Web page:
Two years into studies, things changed. Jon dropped out of school to join the NFL. Britt recalls that he was not happy to see Jon’s education sidetracked, but he decided to support his son’s decision. Jon signed with the New England Patriots to play running back and kickoff specialist. Early on, in a pre-game run against the Colts, Jon was named Most Valuable Player.

Jon’s football career included playing for the Seattle Seahawks, Kansas City Chiefs, and Rhein Fire. The Rhein Fire were a professional American football team in NFL Europa, formerly the World League of American Football. Upon retirement from football, Jon joined his brother, Britt Jr. and other retired sports notables to assist recently retired players in making the transition to new careers and interests.

While employed at Westinghouse, Mr. Vaughn began doing income tax work out of his home. Upon leaving Westinghouse, Britt expanded his personal business. Until he retired fully in 2008, Very Best Services provided assistance (at a very modest fee) to the general public who wanted to do their own legal filing and save the costs charged by full service firms.

Through the years, Mr. Vaughn performed numerous volunteer services that included two years as a volunteer paralegal and legal intern at Legal Services of Eastern Missouri, a not-for-profit agency for the poor.

Britt recalls that when he dropped out of high school to enter the Army, Bertha, his mother, urged him to earn a GED, at the very least. In 1983, while employed full time at Westinghouse, Britt completed studies at St. Louis University, graduating with a Bachelor’s degree in Organizational Development. In 1989, while self-employed, Mr. Vaughn earned an Associate’s degree in Paralegal Studies at St. Louis Community College, Florissant Valley.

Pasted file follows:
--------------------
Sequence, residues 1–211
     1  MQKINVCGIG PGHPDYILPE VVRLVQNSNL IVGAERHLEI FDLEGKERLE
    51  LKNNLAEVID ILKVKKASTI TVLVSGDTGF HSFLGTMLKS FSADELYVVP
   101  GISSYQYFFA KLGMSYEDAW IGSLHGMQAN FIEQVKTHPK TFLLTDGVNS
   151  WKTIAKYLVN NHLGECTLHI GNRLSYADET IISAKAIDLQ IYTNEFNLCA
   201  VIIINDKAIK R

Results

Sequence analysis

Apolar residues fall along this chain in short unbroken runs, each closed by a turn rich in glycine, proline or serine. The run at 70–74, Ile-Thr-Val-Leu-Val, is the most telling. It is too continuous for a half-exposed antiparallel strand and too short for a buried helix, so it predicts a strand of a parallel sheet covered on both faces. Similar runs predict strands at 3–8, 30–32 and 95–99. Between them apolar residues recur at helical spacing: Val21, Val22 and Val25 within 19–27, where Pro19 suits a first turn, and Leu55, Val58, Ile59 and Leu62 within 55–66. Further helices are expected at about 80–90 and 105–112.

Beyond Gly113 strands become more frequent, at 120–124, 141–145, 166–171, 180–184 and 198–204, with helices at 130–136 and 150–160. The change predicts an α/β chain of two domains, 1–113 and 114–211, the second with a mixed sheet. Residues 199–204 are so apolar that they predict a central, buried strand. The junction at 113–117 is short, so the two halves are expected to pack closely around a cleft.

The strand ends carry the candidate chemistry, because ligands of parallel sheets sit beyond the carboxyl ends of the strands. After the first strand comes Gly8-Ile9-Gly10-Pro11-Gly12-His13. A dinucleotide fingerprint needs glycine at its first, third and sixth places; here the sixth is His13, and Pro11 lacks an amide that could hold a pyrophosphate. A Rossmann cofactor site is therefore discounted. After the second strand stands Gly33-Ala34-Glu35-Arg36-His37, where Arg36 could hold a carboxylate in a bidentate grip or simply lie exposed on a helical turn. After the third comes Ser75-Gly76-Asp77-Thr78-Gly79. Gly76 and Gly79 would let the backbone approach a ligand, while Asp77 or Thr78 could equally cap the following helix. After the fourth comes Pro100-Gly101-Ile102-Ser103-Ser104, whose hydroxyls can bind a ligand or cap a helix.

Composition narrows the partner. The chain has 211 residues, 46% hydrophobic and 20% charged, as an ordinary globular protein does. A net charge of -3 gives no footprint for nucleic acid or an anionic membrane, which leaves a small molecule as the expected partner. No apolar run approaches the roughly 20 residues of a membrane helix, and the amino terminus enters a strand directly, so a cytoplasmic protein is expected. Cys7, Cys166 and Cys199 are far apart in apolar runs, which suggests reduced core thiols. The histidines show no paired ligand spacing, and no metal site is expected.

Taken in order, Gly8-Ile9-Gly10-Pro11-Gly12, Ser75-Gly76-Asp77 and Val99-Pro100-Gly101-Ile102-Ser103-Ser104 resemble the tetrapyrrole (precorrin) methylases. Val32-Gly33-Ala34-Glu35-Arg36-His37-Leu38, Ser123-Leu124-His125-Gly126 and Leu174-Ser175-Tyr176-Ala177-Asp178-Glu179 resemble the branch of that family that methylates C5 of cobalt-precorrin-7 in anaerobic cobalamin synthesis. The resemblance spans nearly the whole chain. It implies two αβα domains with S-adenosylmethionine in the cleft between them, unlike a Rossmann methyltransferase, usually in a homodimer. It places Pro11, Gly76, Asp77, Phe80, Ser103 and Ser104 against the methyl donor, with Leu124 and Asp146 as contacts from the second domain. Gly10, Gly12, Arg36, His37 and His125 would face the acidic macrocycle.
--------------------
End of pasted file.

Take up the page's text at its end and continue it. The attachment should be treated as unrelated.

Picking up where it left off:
Several years earlier, while Britt worked for Carter Carburetor, he enjoyed playing basketball with Carter employees, competing with other company teams in the area. During one game, Britt fell, severely injuring his head and pelvis. He was patched up, but problems persisted. Further inquiry showed serious issues with his lower back, hips and legs. Surgery helped but it became much harder for Britt to function. Through the years, and up to the present, pain persisted — so did our veteran. Britt Vaughn continues to excel as a parent, teacher, businessman and friend to all. For this courageous man, giving up has never been an option.

On October 20, 2014, Britt entered Missouri Veterans Home – St. Louis. He is a quiet, thoughtful man who enjoys stimulating conversation. He’s active in many programs and activities here. On January 14, 2016, Britt was elected vice-president of the Veterans’ Council. You will often see him at Bingo, on trips and outings, or just hanging out for a while in the Recreation Room.

It has been my pleasure to work with Britt Vaughn, Sr. in sharing his story with all of you. Recently, I asked Britt what’s important to him at this point in life. His answer: “To be respected, and to be helpful to anyone.” Britt, we love you and appreciate you. We respect you for your honesty and good will toward us all. See you at Bingo!

Jon Stacey